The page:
DEERFIELD, IL – State Senator Julie Morrison, Chair of the Illinois General Assembly’s Special Needs caucus, expressed frustration over Governor Rauner’s veto of legislation (HB4351) that would have protected seniors and people with disabilities. The bill legislatively kept the determination of need (DON) score threshold low. The DON score determines how much state aid seniors and individual with disabilities can receive. The minimum score to receive aid is currently set by administrative rule, and the governor previously raised the minimum, excluding many vulnerable people from receiving aid.
“This community deserves our constant support,” said State Senator Julie Morrison. “Changes or interruption in services can lead to a major disruption of any sense of normalcy to an individual and their family. Keeping the minimal threshold lower is not only cost efficient, but beneficial to individuals who can receive aid in their home and community rather that a nursing home or institution.”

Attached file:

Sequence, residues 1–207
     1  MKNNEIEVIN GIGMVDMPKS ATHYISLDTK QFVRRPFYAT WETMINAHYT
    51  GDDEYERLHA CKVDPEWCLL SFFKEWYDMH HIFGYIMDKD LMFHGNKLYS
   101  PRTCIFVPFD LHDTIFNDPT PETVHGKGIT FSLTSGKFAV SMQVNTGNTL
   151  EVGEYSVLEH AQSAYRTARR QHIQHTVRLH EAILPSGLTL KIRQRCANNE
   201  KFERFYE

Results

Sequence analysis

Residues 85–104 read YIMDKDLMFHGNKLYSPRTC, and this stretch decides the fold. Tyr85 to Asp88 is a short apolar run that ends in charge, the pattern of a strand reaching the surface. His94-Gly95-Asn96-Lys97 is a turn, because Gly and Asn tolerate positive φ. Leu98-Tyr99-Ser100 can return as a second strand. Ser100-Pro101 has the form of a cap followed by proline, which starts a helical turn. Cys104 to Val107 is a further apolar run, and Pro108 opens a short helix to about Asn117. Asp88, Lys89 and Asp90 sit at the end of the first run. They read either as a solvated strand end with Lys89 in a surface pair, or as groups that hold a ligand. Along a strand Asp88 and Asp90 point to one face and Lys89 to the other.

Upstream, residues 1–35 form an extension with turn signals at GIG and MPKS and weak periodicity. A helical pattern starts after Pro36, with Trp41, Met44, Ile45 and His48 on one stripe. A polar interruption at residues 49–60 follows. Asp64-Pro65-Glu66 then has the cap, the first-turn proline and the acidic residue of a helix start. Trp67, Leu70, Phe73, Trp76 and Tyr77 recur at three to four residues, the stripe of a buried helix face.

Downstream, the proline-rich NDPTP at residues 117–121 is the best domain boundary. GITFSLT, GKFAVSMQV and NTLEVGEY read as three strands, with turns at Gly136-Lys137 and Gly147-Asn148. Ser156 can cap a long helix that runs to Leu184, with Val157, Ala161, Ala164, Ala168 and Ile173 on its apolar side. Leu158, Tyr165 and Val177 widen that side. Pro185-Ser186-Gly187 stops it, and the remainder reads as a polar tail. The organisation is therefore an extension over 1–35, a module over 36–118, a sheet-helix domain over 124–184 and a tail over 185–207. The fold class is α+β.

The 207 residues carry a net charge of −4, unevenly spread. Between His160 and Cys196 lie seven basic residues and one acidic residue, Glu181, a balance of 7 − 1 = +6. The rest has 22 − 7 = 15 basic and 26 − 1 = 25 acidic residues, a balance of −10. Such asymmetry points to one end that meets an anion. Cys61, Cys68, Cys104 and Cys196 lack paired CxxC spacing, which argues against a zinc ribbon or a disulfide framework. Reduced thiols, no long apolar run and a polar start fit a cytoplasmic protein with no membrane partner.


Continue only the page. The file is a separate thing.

This score is calculated by a number of factors, such as how much help is needed with daily tasks. The higher the score, the greater the need. Advocates have said that raising the score would leave approximately 10,000 people with disabilities and 24,000 seniors without help. The current minimal threshold is a 29. Rauner had wanted to raise it to 37 but chose to reverse the decision last November after discussion with lawmakers.
Julie Morrison is running for State Senate in the 29th Legislative District. Morrison is a leader in field of child welfare and a strong advocate of fiscal responsibility and ethical government.